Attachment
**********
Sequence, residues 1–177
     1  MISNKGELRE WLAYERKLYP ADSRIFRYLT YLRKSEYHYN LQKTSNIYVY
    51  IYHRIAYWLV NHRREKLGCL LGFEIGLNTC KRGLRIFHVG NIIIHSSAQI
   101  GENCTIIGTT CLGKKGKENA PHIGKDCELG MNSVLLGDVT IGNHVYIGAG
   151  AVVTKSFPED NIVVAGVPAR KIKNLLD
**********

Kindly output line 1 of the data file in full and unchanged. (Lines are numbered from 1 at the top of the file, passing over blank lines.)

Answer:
Sequence, residues 1–177